Sundance’s Brett Kavanaugh documentary doesn’t drop bombs but does something just as important.

On opening night Thursday, Sundance threw a grenade into festival-goers’ carefully planned schedules. They announced the following night, that the festival would host the world premiere of justiceDoug Lyman’s documentary about the Supreme Court hearings for Brett Kavanaugh.

As last year Navalnywhich was dropped from the Documentary Competition with 24 hours notice, due to the sudden appearance of justice It gave the film a sense of urgency and mystery. What kind of explosive revelation could this movie contain that would warrant being kept under wraps until the last minute?

After standing in a crowded tent for an hour and making my way to the crowded screen, I can answer this question with: Not much. comprehensive consensus Is that justice, at least in the 85-minute “Festival Cut,” is bomb-free. A call to the FBI information line from Kavanaugh’s former Yale classmate Max Stier getting the cloak-and-dagger treatment, with a hidden camera and digitally disguised audio leads us to a handheld recorder playing Stier’s statement that he overheard others at the school talking about Kavanaugh’s sexual assault of classmate Deborah Ramirez, which alleges Kavanaugh drunkenly stuck his penis into her face in front of multiple witnesses. (Kavanaugh denied all allegations, and he and Steer refused to speak to the filmmakers.) But Steir’s insinuation and Ramirez’s allegations were It has been widely reported It’s 2019, and simply hearing his actual call for the first time doesn’t amount to anything close to having a smoking gun.

Then again, is this the standard by which a documentary like this should be judged — a standard by which the vast majority of issue-driven nonfiction films fall short? Not even the film’s directors agreed. After screening, Lyman, W Bourne identity The director who made his documentary debut with justice, which he also self-financed, admitted that “we live in a climate where it doesn’t matter what we put in this movie.” (Lyman’s father, Arthur Lyman Senior advisor in the Iran-Contra investigation As the director was in his early 20s, so he was no stranger to congressional investigations.) Those who believed Kavanaugh’s denials — or at least considered the assault allegations made by Ramirez, Christine Blasey Ford, and many others. Less important than securing his nomination to the Supreme Court – he won’t be affected justice Even in the unlikely case they found themselves witnessing, and those who believed his accusers need no further confirmation. Lehmann continued, “I came up with an answer myself. Perhaps the truth is important.” “In a hundred years, this movie will exist, and maybe that’s it.”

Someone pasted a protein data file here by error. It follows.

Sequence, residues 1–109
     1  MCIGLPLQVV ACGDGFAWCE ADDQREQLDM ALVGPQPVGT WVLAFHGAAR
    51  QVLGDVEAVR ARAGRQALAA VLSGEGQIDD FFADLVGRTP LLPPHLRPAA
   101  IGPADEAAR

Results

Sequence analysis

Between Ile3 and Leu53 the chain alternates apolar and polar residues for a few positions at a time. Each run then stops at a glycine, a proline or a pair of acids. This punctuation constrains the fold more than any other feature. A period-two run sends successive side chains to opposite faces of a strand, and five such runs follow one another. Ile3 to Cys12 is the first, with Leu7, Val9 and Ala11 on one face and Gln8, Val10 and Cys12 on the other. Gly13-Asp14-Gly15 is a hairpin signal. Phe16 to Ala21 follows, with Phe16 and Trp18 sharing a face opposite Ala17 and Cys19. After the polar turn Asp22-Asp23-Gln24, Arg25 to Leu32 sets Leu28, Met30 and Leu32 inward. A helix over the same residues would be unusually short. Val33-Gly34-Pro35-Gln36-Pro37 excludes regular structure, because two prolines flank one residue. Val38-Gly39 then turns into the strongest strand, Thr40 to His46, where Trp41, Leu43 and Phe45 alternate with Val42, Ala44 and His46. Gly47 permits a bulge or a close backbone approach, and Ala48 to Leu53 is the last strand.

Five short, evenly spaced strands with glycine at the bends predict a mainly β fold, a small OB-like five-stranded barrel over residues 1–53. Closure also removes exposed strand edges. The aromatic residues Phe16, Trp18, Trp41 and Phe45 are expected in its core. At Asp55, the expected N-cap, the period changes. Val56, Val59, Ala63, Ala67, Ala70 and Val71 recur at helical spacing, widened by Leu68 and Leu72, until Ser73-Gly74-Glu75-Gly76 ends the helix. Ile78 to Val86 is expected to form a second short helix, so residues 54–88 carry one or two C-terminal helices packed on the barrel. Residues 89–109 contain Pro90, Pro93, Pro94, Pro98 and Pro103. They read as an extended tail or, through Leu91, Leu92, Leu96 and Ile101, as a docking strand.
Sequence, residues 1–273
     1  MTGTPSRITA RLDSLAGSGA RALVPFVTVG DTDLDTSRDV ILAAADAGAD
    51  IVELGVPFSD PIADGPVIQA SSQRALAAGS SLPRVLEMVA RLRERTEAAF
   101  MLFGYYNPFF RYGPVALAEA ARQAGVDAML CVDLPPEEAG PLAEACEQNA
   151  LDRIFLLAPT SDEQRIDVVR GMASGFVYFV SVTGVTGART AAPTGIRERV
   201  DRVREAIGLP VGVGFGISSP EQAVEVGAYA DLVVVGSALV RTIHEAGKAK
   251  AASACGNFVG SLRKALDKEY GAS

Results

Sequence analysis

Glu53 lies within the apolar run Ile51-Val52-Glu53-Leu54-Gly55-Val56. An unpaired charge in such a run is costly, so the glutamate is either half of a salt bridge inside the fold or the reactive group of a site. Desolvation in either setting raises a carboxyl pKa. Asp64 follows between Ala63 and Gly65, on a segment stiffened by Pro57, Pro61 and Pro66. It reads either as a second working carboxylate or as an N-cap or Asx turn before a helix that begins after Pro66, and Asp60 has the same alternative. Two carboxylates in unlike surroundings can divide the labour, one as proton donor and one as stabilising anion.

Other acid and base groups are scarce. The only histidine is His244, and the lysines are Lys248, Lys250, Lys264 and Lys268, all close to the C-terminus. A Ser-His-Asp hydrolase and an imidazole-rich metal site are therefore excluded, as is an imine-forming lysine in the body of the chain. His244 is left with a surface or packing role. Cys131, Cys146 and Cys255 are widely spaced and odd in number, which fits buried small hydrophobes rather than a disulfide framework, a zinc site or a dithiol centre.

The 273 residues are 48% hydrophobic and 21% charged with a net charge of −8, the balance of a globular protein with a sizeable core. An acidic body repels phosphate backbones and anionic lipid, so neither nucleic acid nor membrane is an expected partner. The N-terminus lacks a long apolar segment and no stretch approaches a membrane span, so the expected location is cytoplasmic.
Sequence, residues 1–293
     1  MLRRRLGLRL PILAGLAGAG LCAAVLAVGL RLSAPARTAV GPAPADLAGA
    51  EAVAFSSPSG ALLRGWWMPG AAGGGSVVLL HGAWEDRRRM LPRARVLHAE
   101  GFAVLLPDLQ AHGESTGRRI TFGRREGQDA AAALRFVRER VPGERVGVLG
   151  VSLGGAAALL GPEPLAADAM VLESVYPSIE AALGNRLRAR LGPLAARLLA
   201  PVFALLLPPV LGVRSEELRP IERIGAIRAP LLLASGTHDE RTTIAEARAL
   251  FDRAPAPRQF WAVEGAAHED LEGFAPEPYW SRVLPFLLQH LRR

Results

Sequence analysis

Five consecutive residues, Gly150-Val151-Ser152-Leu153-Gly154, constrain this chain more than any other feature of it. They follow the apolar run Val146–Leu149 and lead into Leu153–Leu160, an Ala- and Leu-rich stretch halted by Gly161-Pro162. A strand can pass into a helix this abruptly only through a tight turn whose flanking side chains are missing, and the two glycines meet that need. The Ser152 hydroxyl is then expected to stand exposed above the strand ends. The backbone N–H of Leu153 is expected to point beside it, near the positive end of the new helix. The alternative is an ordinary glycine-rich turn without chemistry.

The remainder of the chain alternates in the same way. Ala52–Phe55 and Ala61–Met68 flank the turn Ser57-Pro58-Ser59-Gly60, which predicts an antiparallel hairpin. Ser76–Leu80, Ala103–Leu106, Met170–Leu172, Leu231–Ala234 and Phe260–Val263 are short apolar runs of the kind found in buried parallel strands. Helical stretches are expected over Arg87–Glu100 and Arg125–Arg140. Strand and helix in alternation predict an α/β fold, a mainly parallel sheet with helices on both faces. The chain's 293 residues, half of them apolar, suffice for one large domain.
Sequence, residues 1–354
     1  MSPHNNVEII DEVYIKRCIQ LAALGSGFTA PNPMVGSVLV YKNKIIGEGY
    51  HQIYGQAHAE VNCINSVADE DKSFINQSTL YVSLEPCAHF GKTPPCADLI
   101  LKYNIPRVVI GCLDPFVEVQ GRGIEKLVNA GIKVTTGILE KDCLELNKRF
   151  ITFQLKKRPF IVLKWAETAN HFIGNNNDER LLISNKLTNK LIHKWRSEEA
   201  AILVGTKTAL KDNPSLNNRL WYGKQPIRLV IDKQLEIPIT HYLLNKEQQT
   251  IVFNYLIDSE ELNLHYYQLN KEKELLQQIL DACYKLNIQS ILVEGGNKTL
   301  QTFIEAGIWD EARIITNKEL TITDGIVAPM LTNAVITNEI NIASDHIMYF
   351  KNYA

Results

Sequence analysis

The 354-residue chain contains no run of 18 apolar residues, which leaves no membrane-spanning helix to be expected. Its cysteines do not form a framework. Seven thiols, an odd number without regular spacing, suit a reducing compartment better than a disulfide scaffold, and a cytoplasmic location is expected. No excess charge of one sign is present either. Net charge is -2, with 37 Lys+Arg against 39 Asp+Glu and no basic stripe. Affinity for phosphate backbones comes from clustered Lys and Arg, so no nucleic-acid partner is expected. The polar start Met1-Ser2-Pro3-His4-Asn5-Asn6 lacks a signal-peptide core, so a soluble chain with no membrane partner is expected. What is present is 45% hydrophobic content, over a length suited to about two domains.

But Amy Hurdy, the investigative journalist who led the research team for the film, and has worked as a researcher on several films about sexual assault, including hunting groundAnd On the recordAnd Allen v. Farrow, immediately objected to Lehmann’s philosophical bent. “Yeah, I’m not happy about that,” she said, “with all due respect, Doug.” “I hope this sparks outrage. I hope this leads to action. I hope this leads to additional investigation with real subpoena powers.” One reason for the short film’s length was the decision to exclude any Kavanaugh accusers whose claims were not confirmed, and because Ford, who appears on the edge of the frame in the opening shot as Liman tries to persuade her to be part of the film, apparently decided not to participate. (Her indelible Senate testimony was included, of course.) But Hurdy said that within a half hour of announcing the film’s existence to the world, new advice came through. justicewebsite ofand they may end up being part of the final version.

justice It gave Ramirez, who said in 2018 that she was willing to testify before Congress but was never called, a chance to speak at length, and for experts in trauma to explain why her memories of the assault can be so accurately detailed in some of her stories. Examples are ambiguous in other cases. One of the film’s most impressive points is that Republican attorney Rachel Mitchell, who pounced on minor lapses and inconsistencies in Blasey Ford’s testimony in an effort to undermine her credibility as a witness, has worked enough sexual assault cases as a plaintiff to understand the shocking extent. Memory works, and she intentionally used that experience to attack Blasey Ford instead. (At one point, Blasey questioned Ford about whether she actually had a conversation on the floor below the room where Kavanaugh allegedly groped her, or whether she just knew people were talking.) And while Blasey Ford herself doesn’t show up, many of her friends are. Her children, who also grew up with Kavanaugh, go on camera and make it clear that at least Kavanaugh lied under oath to Congress about the extent and excess of drunkenness in high school and college — an act in itself that should disqualify her to apply to the nation’s highest court.

Whether this matters depends in large part on where you set the bar. Based on this version of justiceThe movie doesn’t stand much chance of convincing the FBI to reopen its investigation, much less that the investigation reveals anything that might affect Kavanaugh’s place in court. But it’s nearly impossible to expect a single movie to succeed where the entire Democratic Party apparatus has failed. What it might do, especially in an expanded and augmented version, is help ensure Kavanaugh never gets away with what Ramirez and Blasey Ford said, and that all of his judgment and public statement is seen through the lens of the person they say he is. It might not matter in a hundred years, but it might right Now.

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